I’m going through a bit of a MAN 2 phase at the moment and TBS games are fun to break down and discuss, so let’s give this a shot and see how it goes. I’ll be giving you my thought process as I play, as well as making comparisons between this and the original Massive Assault (two iterations exist between, but this was the first sequel worth buying IMO).
I was quite a hardcore player of the original, taking part in tournaments, uploading solutions to every scenario and the AI on every map as both sides for others to learn from. I love the mathematical purity of the game, everything (almost) is on the board and it’s up to you to out think the other guy. In the original I was a really good player, but not in the top tier, I sat just a step below the best player such as Tiger and Pitor. I also liked to drop some real clangers now and then.
For the basis of this AAR I have issued a public challenge, I dislike some of the settings other people choose, especially turn based time limits. The game is effectively PBEM but through a central server, so limiting how long someone gets to think within the configurable X days to play limit seems pointless.
The only hidden element in this game is which countries each player controls, you don’t know until they reveal them, which occurs at the end of each turn. Everything else is on the board.
We’re going to game on a medium sized map called Eden, this will give a good taste for land war, while adding the joy of island battles. I was tempted by an old favourite, Noble Rust (three islands) but the new maps tend to have a lot more terrain which I prefer as it forces a deeper level of thinking than the tank, bot and transport strategies of the original. I don’t like maps which put in high densities of medium and huge countries, those turn into a tedious grind.
Allied density controls how many territories you start with, in the original this was unconfigurable but was the equivalent of medium so you had to keep the back door covered in all your countries in case you found a nasty surprise waiting there. With low there’s less surprises, but this also means you’re less likely to be screwed by the opening set-up. I think I like this change, it keeps the games tighter. Not sure what that means exactly. It certainly reduces a negative factor of the original where if you had no allies adjacent to one another you were at a sizeable disadvantage to your opponent.
The unit set can be standard or extended, this controls whether the sides get their special units or whether both sides have all the units. I’ve gone for standard, but the most popular choice seems to be extended. I like the asymmetric units, they compliment the asymmetric maps.
The game has two ranking systems. Back when I was playing the original I got tried of the experience (first shot) system as it did little more than tell people how many games you’d played. A bad player who played a lot would outrank a good player who didn’t. Someone with some actual coding talent whipped up an implementation of Glicko which hooked into the player database, you had a Glicko rank per side per map (the player to go first back then had a relatively big advantage) which was averaged out to form your overall score, and it was that I cared about. Glicko is now, in some form, part of the game and is shown in the second shot. Alas, my score is not what it could be because when I stopped player a couple of years ago I had several active games time out and lose me points.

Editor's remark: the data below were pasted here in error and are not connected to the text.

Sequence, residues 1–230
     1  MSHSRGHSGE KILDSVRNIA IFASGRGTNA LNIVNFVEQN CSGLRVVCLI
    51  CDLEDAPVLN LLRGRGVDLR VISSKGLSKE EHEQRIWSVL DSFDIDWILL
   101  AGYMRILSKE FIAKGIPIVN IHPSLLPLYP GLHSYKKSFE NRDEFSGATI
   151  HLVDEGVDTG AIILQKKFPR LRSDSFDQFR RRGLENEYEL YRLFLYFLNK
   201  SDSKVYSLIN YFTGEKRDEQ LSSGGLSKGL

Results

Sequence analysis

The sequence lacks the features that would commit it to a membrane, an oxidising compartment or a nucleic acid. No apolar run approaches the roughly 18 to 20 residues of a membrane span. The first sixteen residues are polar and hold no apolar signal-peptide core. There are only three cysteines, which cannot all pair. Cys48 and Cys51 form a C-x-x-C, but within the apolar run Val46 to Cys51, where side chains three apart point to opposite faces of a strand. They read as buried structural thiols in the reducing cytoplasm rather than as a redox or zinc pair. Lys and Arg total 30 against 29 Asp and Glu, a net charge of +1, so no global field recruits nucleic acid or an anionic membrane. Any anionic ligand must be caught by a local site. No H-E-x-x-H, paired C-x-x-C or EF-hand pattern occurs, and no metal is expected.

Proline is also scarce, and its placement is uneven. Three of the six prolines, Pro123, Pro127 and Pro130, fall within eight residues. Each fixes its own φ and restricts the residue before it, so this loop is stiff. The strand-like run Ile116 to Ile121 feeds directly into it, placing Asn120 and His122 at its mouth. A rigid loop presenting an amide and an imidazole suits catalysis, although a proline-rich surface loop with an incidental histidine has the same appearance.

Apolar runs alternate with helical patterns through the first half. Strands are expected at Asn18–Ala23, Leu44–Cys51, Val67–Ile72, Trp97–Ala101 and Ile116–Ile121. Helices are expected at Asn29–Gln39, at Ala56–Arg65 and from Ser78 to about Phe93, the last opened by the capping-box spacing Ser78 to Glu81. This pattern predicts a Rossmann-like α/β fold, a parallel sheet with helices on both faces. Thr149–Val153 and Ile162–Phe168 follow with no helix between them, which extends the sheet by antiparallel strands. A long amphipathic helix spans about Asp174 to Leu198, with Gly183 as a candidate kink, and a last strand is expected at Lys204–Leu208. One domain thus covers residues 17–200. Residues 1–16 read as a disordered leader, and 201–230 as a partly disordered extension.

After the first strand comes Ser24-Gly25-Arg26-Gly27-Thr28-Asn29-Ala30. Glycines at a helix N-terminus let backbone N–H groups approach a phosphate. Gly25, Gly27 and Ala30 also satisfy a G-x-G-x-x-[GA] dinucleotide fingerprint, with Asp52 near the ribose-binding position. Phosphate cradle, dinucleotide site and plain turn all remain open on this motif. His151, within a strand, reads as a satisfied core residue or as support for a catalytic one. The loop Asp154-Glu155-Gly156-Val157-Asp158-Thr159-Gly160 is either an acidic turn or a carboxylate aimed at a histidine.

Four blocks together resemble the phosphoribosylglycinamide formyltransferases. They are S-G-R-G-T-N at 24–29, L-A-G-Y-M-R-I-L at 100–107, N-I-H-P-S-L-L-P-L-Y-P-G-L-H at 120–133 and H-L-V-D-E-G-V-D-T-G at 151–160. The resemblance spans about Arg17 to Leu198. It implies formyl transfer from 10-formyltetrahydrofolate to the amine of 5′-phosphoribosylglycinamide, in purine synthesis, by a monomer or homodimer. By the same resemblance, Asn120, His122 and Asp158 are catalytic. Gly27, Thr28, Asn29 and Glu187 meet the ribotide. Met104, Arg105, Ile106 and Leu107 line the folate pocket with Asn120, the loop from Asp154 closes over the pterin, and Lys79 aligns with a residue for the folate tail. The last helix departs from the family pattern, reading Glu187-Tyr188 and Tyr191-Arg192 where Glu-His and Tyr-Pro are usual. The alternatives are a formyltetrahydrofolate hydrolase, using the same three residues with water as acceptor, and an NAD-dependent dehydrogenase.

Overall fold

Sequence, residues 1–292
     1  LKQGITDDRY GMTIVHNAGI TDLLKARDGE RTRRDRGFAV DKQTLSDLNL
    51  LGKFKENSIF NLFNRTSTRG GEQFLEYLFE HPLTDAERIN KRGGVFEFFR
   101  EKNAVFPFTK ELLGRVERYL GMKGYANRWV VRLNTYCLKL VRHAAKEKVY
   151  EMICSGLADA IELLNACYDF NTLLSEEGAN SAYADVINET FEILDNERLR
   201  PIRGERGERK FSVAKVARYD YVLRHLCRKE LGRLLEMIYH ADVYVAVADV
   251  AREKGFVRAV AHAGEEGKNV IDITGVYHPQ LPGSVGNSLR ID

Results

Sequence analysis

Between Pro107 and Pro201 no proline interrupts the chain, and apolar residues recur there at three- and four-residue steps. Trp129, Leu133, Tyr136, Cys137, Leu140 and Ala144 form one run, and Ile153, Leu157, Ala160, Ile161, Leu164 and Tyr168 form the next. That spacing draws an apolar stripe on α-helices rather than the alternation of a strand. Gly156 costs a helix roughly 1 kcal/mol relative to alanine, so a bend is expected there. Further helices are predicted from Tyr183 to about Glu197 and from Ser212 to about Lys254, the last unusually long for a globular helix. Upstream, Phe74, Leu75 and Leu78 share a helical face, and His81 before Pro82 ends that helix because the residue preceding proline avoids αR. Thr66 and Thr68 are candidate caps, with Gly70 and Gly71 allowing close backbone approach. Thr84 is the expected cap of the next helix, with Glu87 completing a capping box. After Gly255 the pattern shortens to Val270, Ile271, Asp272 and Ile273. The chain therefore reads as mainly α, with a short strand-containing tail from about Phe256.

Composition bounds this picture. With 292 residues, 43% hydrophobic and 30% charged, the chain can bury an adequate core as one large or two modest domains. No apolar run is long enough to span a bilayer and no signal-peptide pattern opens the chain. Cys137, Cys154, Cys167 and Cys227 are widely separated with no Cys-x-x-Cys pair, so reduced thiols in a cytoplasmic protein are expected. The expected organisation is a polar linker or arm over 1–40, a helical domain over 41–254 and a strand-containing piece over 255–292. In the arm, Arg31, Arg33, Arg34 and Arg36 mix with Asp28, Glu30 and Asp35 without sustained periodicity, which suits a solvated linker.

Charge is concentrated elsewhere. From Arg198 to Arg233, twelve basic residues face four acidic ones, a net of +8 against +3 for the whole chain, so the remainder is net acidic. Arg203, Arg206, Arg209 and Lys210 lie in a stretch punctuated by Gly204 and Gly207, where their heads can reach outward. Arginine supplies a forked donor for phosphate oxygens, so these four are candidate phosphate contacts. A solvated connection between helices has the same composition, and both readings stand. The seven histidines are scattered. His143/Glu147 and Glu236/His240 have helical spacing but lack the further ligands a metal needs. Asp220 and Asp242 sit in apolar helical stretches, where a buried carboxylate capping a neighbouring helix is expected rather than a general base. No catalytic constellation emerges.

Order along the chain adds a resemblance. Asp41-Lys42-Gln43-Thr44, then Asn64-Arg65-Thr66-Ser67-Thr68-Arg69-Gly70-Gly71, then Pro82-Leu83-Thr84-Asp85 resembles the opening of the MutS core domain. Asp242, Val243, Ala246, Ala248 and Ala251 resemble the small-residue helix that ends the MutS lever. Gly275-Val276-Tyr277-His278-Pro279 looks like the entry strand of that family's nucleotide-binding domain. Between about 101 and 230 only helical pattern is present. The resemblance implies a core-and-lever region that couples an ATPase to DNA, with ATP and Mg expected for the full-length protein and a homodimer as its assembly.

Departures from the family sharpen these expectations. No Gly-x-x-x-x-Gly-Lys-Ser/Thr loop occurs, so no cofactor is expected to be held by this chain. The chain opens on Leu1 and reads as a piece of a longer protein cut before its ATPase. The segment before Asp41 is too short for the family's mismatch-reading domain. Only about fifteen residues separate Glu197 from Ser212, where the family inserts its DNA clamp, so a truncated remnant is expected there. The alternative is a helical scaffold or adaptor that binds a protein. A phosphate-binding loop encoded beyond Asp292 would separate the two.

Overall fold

Anyway, we have a challenger, VOLK’s stats are as follows: Name, Country, Wins, Rank, Score, Place
You’ll see a big difference between the first shot (experience based) and second (skill based). You start at 1500 skill, so this would suggest VOLK plays a lot but loses to pretty low-end players so I should be able to take him. We’ll see whether experience or skill wins through here.
Throughout the AAR I’ll reference countries, so this map will help identify what I’m talking about. The yellow countries are my secret allies. L = Low and M = Medium, this represents income, guerilla force etc.
Low on the left and medium on the right. I’m sure you can figure out what a huge would be.
A secret army is how much money you get to spend on the initial force in a country if it’s yours and you reveal it. A guerilla force is how much money your enemy gets to spend on the country if you invade it, guerillas always fire on the turn they appear so you need to invade with enough to survive the initial barrage or else you’ll hand the country to your opponent.
The only item missing here is Indemnity which is the same as Secret Army except it’s the money a player gets if they successfully take over another player’s secret ally. Doing so on a game of this scale usually indicates you’ve won.
As I’m the Phantom League (space commies) I’ll be deploying first. In the original game you would declare two secret allies and the F.N.U. (the West) would then declare two but would do so blind. This led to situations where the PL player would find themselves sitting at the rear of an FNU country with the FNU force on the wrong side to resist a turn-one invasion. Game over. Now both sides declare one country and the FNU player sees what the PL declared before they deploy.
As you can see from the map my weakest country is also stranded by itself and odds are it’s outnumbered. I’ll be holding this declaration until last so I can better determine what to do and see how VOLK has set-up.